L02B G03 (Enzyme inhibitors).
ARIMIDEX is a potent and highly selective non-steroidal aromatase inhibitor. In postmenopausal women, oestradiol is produced primarily from the conversion of androstenedione to oestrone through the aromatase enzyme complex in peripheral tissues. Oestrone is subsequently converted to oestradiol. Reducing circulating oestradiol levels has been shown to produce a beneficial effect in women with breast cancer. In postmenopausal women, ARIMIDEX at a daily dose of 1mg produced oestradiol suppression of greater than 80% using a highly sensitive assay.
ARIMIDEX does not possess any progestogenic, androgenic or oestrogenic activity.
Daily doses of ARIMIDEX up to 10mg do not have any effect on cortisol or aldosterone secretion, measured before or after standard ACTH challenge testing. Corticoid supplements are therefore not needed.
Primary adjuvant treatment of early breast cancer: In a large phase III study conducted in 9366 postmenopausal women with operable breast cancer treated for 5 years, ARIMIDEX was shown to be statistically superior to tamoxifen in disease free survival. A greater magnitude of benefit was observed for disease free survival in favour of ARIMIDEX versus tamoxifen for the prospectively defined hormone receptor positive population.
ARIMIDEX was statistically superior to tamoxifen in time to recurrence. The difference was of greater magnitude than in disease free survival for both the Intention-To-Treat (ITT) population and hormone receptor positive population. ARIMIDEX was statistically superior to tamoxifen in terms of time to distant recurrence.
The incidence of contralateral breast cancer was statistically reduced for ARIMIDEX compared to tamoxifen. Following 5 years of therapy, anastrozole is at least as effective as tamoxifen in terms of overall survival. However, due to low death rates, additional follow-up is required to determine more precisely the long-term survival for anastrozole relative to tamoxifen. With 68 months median follow-up, patients in the ATAC study have not been followed up for sufficient time after 5 years of treatment, to enable a comparison of long-term post treatment effects of ARIMIDEX relative to tamoxifen. (See Table 1.)
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When ARIMIDEX and tamoxifen were co-administered, the efficacy and safety were similar to tamoxifen when given alone, irrespective of hormone receptor status. The exact mechanism of this is not yet clear. It is not believed to be due to a reduction in the degree of oestradiol suppression produced by ARIMIDEX.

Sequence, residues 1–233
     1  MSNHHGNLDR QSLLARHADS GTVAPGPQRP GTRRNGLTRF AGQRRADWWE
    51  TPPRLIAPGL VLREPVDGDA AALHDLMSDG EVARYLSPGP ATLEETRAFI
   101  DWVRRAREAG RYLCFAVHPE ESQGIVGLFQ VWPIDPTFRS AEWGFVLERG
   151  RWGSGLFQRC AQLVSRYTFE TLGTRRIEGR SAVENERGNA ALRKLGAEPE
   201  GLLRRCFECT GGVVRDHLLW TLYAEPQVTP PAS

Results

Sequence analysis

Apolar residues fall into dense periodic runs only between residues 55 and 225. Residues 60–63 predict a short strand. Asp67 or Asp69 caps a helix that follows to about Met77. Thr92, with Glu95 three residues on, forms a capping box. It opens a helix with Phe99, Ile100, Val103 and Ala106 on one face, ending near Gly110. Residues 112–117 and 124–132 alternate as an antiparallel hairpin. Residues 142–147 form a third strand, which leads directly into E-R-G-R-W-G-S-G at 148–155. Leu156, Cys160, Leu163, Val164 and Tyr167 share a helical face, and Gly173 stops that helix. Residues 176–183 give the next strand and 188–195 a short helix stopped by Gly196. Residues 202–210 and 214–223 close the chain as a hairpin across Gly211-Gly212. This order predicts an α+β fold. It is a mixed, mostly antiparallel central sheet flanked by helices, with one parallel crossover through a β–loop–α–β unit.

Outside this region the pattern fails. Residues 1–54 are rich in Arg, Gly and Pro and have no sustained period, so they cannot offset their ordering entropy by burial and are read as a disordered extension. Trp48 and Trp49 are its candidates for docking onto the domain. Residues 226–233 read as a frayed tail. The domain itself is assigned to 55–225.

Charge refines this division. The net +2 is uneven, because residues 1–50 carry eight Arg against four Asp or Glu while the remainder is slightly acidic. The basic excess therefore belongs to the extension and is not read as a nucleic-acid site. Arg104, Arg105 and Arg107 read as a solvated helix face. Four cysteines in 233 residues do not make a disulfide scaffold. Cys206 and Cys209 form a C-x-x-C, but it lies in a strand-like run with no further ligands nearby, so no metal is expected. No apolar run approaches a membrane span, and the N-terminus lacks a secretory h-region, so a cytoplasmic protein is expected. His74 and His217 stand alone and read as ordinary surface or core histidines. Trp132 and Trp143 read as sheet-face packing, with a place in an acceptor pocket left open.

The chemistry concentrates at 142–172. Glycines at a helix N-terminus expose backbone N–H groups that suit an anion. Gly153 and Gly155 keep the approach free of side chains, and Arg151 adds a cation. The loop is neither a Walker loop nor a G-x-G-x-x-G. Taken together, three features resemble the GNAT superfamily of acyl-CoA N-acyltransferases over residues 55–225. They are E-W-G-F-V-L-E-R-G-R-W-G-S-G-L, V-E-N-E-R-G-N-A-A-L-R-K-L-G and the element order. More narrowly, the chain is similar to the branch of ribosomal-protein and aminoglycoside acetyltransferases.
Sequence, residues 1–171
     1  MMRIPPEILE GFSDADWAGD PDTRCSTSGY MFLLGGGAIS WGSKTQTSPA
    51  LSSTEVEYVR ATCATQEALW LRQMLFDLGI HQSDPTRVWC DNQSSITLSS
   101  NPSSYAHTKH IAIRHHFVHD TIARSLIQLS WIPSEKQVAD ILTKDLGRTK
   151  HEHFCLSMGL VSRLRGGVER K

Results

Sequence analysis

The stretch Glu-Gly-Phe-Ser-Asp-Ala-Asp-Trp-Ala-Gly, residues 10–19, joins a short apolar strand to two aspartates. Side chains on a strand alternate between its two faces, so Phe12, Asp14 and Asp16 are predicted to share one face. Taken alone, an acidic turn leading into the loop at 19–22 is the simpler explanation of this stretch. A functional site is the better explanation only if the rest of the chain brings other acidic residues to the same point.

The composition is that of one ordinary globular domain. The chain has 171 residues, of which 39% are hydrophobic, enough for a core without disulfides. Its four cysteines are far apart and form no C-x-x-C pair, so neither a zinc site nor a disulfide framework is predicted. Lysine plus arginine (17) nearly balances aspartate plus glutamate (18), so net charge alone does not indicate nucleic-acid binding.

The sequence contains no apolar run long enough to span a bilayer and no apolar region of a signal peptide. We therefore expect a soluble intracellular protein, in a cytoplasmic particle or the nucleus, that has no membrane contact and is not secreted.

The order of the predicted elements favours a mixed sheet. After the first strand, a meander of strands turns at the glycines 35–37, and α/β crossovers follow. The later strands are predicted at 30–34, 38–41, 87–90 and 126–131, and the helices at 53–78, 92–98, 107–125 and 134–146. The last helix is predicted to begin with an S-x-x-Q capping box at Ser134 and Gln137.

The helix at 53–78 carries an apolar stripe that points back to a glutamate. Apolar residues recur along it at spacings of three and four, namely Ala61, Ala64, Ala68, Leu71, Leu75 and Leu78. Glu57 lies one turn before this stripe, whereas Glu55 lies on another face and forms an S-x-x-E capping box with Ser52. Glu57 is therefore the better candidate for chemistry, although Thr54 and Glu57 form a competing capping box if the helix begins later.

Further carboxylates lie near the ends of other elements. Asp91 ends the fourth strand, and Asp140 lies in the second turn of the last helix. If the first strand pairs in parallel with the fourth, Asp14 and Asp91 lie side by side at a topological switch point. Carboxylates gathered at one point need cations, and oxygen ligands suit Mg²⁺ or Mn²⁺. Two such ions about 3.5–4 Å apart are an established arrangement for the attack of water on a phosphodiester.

Study of anastrozole with the bisphosphonate risedronate (SABRE): Bone Mineral Density (BMD): In the phase III/IV SABRE study, 234 postmenopausal women with hormone receptor positive early breast cancer scheduled for treatment with ARIMIDEX 1 mg/day were stratified to low, moderate and high risk groups according to their existing risk of fragility fracture. The primary efficacy parameter was the analysis of lumbar spine bone mass density using DEXA scanning. All patients received treatment with vitamin D and calcium. Patients in the low risk group received ARIMIDEX alone (N=42), those in the moderate group were randomised to ARIMIDEX plus risedronate 35 mg once a week (N=77) or ARIMIDEX plus placebo (N=77) and those in the high risk group received ARIMIDEX plus risedronate 35 mg once a week (N=38). The primary endpoint was change from baseline in lumbar spine bone mass density at 12 months.
The 12-month main analysis has shown that patients already at moderate to high risk of fragility fracture showed no decrease in their bone mass density (assessed by lumbar spine bone mineral density using DEXA scanning) when managed by using ARIMIDEX 1 mg/day in combination with risedronate 35 mg once a week. In addition, a decrease in BMD which was not statistically significant was seen in the low risk group treated with ARIMIDEX 1 mg/day alone. These findings were mirrored in the secondary efficacy variable of change from baseline in total hip BMD at 12 months.
This study provides evidence that the use of bisphosphonates should be considered in the management of possible bone mineral loss in postmenopausal women with early breast cancer scheduled to be treated with ARIMIDEX.